GAINESVILLE, Fla. — The way he resigned says everything about Steve Spurrier. He did it by telephone, sitting in his beach house, a few days after the close of a season in which the issue of his departure was well below the radar.
Midway through the conversation with Florida athletic director Jeremy Foley, the coach stopped, stunned by the silence on the telephone.
"He asked if I was still there," Foley said. "I think he thought I had fainted."
Foley wasn't the only one who was stunned. All across the country, expressions of surprise poured in. Even though students were still on winter vacation Friday, Gainesville was reeling.
"I just came back from the Orange Bowl," said Gators fan Tim Lowe. "It is a total shock to everybody."
Now, Foley faces his most difficult decision. He must fill a position that was held by a larger-than-life coach. Spurrier transformed Florida football from an insignificant, troubled loser, into a moneymaking winner.
"I'm prejudiced, but I think it's as good as any job out there," Foley said. "Is it THE top job? No. But it's certainly one of the top five."
Foley will head a one-man search committee, although he'll be looking for help from the people he trusts — Spurrier included.
The athletic director struck gold when he took a chance on hiring untested Billy Donovan to coach basketball. But there were no expectations there.
The football job is different. The Gators have won six Southeastern Conference titles and one national championship and have grown accustomed to their 10-win seasons.
"Once you set the standards so high, if you don't reach that level, it seems like you're going backward," Spurrier said in a special edition of The Gainesville Sun. "We've hung around near the top."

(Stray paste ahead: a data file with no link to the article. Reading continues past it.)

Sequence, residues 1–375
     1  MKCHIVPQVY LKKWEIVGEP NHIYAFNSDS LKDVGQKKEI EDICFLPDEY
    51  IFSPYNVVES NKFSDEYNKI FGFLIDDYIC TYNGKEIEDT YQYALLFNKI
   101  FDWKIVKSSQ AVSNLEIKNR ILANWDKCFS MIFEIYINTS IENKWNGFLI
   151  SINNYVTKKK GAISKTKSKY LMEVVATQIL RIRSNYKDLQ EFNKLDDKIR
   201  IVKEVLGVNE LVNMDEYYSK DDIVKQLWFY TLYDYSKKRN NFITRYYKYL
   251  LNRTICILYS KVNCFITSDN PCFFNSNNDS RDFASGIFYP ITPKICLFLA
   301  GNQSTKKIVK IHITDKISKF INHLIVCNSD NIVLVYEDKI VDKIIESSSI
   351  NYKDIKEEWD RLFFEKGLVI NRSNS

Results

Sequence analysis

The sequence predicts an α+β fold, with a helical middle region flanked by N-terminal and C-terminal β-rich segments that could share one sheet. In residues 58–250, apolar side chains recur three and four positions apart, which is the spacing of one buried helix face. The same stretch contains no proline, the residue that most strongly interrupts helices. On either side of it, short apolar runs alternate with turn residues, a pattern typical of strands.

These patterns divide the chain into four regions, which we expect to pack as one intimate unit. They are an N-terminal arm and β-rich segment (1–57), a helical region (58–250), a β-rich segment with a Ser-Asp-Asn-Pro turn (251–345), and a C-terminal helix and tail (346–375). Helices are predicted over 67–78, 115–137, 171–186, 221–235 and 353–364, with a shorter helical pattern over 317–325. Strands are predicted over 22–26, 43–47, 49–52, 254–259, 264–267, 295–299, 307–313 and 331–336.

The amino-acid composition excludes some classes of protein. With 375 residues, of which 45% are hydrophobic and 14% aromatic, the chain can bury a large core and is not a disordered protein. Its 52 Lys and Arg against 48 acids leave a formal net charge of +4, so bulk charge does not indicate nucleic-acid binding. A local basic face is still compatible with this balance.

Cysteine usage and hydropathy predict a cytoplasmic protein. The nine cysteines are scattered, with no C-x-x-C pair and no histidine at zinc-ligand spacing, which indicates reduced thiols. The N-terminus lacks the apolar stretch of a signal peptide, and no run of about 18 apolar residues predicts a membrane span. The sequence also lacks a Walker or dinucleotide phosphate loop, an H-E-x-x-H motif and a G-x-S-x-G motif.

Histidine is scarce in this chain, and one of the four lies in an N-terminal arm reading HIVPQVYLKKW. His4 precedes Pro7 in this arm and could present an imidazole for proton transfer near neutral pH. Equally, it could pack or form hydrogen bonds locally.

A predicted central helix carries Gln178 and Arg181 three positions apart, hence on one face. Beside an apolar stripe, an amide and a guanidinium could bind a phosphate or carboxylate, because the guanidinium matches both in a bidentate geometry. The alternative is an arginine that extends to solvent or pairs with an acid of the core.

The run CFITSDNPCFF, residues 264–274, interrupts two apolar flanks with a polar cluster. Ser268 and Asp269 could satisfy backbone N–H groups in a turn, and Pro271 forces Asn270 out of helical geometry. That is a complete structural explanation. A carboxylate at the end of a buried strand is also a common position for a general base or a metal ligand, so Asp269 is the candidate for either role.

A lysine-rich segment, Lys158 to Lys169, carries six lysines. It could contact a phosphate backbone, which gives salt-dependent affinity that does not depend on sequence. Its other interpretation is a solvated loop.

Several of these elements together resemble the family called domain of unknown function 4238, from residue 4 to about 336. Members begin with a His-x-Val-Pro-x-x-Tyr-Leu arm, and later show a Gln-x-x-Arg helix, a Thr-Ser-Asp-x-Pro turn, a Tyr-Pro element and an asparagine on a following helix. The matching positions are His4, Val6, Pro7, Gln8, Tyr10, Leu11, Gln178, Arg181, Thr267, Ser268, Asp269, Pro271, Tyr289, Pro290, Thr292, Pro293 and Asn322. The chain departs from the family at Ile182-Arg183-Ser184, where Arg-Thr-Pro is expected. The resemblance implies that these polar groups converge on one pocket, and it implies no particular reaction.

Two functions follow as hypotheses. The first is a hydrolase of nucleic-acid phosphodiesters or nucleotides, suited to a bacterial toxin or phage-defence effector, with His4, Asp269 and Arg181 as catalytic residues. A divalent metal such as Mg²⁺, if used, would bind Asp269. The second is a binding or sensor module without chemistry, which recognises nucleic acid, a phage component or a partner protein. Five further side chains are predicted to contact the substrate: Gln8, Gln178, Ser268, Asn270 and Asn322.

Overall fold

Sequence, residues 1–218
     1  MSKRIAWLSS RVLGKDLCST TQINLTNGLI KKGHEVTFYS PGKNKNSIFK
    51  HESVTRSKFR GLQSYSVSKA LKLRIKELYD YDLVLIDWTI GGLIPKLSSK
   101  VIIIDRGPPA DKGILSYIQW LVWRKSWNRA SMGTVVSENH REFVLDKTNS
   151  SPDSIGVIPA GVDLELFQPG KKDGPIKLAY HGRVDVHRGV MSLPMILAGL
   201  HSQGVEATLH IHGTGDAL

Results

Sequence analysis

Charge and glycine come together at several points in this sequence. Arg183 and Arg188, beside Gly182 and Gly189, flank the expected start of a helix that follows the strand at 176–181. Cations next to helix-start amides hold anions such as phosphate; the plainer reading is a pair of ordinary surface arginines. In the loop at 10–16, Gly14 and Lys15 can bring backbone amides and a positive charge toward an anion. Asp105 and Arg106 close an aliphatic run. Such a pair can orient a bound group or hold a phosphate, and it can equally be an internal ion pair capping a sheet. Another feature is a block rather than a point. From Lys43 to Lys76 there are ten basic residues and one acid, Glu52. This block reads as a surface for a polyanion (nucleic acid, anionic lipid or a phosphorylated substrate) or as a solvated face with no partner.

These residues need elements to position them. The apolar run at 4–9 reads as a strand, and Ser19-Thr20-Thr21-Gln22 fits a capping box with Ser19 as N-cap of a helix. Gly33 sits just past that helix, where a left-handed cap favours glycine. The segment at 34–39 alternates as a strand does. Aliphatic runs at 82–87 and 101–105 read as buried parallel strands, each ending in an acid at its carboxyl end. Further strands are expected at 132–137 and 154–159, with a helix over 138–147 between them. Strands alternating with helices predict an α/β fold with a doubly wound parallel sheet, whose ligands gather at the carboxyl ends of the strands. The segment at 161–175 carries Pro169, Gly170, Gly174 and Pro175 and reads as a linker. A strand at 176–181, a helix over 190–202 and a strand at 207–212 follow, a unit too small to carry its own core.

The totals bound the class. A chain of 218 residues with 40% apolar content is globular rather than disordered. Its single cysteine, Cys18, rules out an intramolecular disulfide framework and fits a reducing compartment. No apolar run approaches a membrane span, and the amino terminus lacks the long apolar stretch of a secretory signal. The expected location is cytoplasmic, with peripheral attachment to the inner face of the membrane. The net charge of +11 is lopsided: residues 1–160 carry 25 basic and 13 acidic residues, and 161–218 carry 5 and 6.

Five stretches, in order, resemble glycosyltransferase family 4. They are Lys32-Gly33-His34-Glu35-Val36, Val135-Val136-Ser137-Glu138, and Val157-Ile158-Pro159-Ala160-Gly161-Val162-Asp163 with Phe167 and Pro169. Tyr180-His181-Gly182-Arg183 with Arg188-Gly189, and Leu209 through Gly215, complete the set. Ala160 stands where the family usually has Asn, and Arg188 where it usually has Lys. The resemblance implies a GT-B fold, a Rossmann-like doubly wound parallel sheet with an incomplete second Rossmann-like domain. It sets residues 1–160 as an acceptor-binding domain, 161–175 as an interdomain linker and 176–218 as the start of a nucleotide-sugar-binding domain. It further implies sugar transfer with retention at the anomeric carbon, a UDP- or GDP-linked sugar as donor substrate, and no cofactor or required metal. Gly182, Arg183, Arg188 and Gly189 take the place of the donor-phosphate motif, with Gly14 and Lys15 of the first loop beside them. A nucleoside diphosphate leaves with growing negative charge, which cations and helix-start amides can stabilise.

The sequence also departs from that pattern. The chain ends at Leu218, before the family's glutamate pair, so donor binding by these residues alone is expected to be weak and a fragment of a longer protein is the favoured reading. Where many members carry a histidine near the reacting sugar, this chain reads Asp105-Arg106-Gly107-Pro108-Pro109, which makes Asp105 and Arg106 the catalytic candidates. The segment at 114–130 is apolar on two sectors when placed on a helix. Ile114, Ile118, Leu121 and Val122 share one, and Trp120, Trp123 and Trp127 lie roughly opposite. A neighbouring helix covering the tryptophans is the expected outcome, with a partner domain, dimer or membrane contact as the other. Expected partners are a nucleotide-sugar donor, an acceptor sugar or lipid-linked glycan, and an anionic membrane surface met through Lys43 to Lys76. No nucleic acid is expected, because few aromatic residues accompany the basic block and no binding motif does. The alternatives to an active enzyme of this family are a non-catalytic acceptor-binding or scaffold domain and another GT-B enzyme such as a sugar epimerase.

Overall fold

Among those thought to be on the top of Foley's list — a list he won't comment on — are Mike Shanahan of the Denver Broncos and Bob Stoops of Oklahoma.
Shanahan didn't want to talk about the job, but neither did he deny interest. Stoops, the former Gators defensive coordinator, wasn't immediately available for comment, but his brother, Mike, told The Daily Oklahoman, "It will be a tough decision for him."
Where will Spurrier go?
By quitting without a job in place, he was essentially putting himself on the open market — the ultimate NFL free agent. San Diego seems like his kind of place: warm weather, lots of golf courses, a general manager already in place, so he could worry about coaching football, not negotiating contracts.
There's also an opening in Minnesota — that seems unlikely, too cold — and nobody will rule out Jacksonville or Tampa Bay, where Tom Coughlin and Tony Dungy have both been under fire this year.
If he goes to the NFL, it will be a loss for college football. Spurrier went out of his way to avoid the political correctness that overwhelms so many buttoned-down coaches in this corporate football era.
He's never afraid to speak out when his team is being wronged or about the lack of a playoff system, something he feels is absurdly unfair.
Even Spurrier's biggest rivals sounded like fans once the news broke.
"Although I don't always agree with what he says, I am in agreement with many of his philosophies, especially some related to discipline," said Georgia athletic director Vince Dooley, the former Bulldogs' coach.
Who figured Florida State coach Bobby Bowden would outlast him on the sideline?
"I've studied his offense a lot and picked up a few things from it," Bowden said. "It's not that is so complicated, but he is brilliant with the passing game. It's the timing, execution and rhythm of his offense that is so good."
In the hours after Spurrier's stunner, junior cornerback Lito Sheppard said he was leaving Florida for the NFL. The other underclassmen who were pondering that move — Jabar Gaffney, Reche Caldwell and Mike Pearson — have one less reason to stay.
Quarterback Brock Berlin was set to make his transfer to Miami official Friday, but television station KTBS of Shreveport, La., said he had delayed any announcement.
It would barely have caused a ripple in Gainesville on this day.